The problem

I have this structure that I want to create a "constructor" for it.

struct example {
    int x, y, z; /* various members */
    struct another *another; /* pointer to another structure */

The two different ways I know of

  1. Using functions that create and delete structures on heap

I can create structures by making functions that allocates them on the heap like this:

/* create example */
struct example *example_new(int x, int y, int z) {
    struct example *p = malloc(sizeof *p);
    p->x = x;
    p->y = y;
    p->z = z;
    p->another = another_new();

/* delete example */
void example_new(struct example *p) {
  1. Using functions that initializes and frees memory for structure through pointer

Or I could initalize the structure by passing pointer to the function and have the user responsible for allocating and deallocating memory for it.

/* initalize example */
void example_init(struct example *p, int x, int y, int z) {
    p->x = x;
    p->y = y;
    p->z = z;
    p->another = another_new();

/* free memory allocated for example */
void example_free(struct example *p) {

My thoughts

I usually prefer first approach when creating recursive structures (like Trees and Linked Lists) but use the second approach in all other cases.

I tried to use the second approach for a recursive structure and it turned out to be quite messy.

The question

How do you choose between these two ways? Is there a third way you would use to solve this problem?

  • 3
    Switch to C++? :) Honestly, though, as such this kind of seems like a solved problem... – Lightness Races with Monica Jan 7 '16 at 18:38

There is no answer that's always going to be the right one, because different programs will have different needs. If you have enough information to make an informed call one way or the other, that's the way you should go. (For example, if your program is required to have the highest throughput possible, forcing a malloc()/free() pair each time some function needs to use your structure probably isn't going to fly.)

If you're going to build a general-purpose library, it isn't much additional effort to build it in a way that supports both:

void example_init(struct example *p, int x, int y, int z) - Initializes the structure pointed at by p. This can be called by anyone who has a struct example whether it's an automatic, allocated on the heap or pulled out of a pool.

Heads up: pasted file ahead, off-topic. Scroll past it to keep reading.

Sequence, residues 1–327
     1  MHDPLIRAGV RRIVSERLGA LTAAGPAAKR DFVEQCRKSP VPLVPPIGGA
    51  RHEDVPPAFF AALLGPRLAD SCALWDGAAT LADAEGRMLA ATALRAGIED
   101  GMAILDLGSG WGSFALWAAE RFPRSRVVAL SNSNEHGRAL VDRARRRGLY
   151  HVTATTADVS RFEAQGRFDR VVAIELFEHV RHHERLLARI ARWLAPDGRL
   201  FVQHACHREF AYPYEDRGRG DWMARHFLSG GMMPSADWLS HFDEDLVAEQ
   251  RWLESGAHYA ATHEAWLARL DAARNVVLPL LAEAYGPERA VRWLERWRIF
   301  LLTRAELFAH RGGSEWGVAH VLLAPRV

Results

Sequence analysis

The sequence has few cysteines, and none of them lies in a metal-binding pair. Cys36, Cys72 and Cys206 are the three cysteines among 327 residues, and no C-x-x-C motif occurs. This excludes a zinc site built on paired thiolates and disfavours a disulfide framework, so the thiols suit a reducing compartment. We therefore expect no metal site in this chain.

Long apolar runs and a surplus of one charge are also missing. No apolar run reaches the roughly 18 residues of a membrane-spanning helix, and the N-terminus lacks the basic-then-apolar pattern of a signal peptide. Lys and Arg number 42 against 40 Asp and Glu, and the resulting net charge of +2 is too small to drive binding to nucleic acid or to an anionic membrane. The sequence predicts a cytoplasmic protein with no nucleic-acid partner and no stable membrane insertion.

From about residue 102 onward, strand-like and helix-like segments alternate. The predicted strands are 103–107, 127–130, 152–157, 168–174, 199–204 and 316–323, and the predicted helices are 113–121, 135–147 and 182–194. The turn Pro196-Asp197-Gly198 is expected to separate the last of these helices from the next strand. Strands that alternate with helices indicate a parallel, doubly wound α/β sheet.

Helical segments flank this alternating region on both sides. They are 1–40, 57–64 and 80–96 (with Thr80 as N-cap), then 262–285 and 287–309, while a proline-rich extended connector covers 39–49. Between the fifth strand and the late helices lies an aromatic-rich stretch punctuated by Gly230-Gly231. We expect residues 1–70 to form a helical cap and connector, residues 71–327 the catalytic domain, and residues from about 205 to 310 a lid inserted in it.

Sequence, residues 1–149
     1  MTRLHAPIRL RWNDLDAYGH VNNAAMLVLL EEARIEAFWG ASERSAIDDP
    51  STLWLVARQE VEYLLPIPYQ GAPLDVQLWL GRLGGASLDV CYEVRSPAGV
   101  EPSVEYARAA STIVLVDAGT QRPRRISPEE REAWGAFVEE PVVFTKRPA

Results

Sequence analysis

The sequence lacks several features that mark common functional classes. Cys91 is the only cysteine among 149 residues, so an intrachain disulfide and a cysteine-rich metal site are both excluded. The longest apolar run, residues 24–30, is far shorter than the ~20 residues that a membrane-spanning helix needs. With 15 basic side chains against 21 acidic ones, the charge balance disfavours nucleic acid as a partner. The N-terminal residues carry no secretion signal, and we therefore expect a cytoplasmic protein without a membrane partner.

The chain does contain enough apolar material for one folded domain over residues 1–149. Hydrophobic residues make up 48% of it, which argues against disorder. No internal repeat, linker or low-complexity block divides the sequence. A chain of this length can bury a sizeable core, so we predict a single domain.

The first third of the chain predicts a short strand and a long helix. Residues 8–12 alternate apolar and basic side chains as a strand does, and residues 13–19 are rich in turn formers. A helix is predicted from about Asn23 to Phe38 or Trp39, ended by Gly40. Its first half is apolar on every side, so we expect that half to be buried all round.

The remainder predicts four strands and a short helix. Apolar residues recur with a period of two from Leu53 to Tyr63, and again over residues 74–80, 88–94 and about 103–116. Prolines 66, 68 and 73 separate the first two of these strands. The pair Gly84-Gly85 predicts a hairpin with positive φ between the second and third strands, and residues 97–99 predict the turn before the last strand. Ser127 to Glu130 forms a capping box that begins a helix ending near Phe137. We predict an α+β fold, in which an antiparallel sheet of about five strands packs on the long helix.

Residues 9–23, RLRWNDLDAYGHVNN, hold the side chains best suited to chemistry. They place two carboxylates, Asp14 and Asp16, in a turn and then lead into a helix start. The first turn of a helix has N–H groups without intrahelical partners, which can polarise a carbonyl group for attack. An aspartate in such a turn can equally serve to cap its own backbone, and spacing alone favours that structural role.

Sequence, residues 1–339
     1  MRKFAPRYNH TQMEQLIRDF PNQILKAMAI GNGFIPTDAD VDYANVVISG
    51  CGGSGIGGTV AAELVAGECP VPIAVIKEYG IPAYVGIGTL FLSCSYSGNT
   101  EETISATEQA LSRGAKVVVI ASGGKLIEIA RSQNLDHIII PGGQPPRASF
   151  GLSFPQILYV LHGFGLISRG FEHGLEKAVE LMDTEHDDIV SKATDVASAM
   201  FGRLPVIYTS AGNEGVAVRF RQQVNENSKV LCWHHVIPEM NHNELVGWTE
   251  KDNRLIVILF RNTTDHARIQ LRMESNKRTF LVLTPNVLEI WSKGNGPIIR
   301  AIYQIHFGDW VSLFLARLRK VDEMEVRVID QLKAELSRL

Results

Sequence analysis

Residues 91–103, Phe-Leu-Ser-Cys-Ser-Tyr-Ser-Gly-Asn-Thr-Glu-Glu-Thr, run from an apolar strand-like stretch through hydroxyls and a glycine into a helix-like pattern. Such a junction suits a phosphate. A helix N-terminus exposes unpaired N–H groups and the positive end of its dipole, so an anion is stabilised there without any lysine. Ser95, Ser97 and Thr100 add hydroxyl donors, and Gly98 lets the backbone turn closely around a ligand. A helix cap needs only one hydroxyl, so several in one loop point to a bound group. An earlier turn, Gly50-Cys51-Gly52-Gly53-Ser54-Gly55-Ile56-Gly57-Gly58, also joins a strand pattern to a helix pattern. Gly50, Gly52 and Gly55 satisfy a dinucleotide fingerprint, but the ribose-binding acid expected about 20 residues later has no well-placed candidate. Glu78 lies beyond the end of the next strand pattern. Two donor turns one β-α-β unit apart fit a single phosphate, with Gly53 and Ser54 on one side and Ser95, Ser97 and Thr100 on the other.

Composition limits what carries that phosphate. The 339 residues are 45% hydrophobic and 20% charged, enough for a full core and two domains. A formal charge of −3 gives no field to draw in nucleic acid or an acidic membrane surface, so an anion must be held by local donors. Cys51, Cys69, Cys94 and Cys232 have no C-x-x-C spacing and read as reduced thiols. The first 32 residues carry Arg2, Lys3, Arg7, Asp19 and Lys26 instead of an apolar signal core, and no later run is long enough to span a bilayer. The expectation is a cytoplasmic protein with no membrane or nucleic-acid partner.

void example_destroy(struct example *p) - Does whatever is necessary to de-initialize the structure pointed at by p. (In your case, this would be freeing the memory allocated for the another member.) Note that it does not free p, because it has no knowledge of whether or not the structure is on the heap or if the caller isn't going to re-use it by calling example_init() again.

struct example * example_new(int x, int y, int z) - Allocates space for the structure on the heap, calls example_init() against it and returns the pointer.

void example_del(struct example * p) - Calls example_destroy(p) and then frees p.

There is a hazard to this approach, which is that someone could try to do pairs of example_init()/example_del() or example_new()/example_destroy() calls. Tools like valgrind and some implementations of free() can weed those problems out automagically. Another approach would be to set aside a bit somewhere in the structure that can be set when the structure was on the heap and use assertions to complain if someone goes about it the wrong way. (example_del() would need to clear the bit before calling example_destroy().)


The primary advantage of the first option is that it encapsulates the memory allocation into your "new" and "delete". You only have to remember to create and destroy your structures. With the second option, you have to remember separately to create/destroy and allocate/free your objects.

The advantage of the second option is that it allows you to create objects on the stack:

struct example;
example_init(&example, 1,2,3);

This can have big performance benefits over allocating on the heap. However, you have to be very careful to call example_free before your object goes out of scope.

So option 1 should generally be less error prone, and should be preferred unless your requirements mean you need the performance benefits of putting these objects on the stack.


The answer of which approach to use depends on the memory management strategy that users of your api will employ. For example, using an Object pool or Region based memory requires using strategy 2. If there is any chance that consumers of the api will want more control over memory management, strategy 2 is preferable.

If you are convinced that malloc and free are enough for all consumers of your api, strategy 1 is adequate. Even in this case it seems reasonable to provide the functions of 2 and to define the malloc and free versions in terms of those functions. This has the benefit of separating the logically distinct tasks of allocating memory and initializing that memory.

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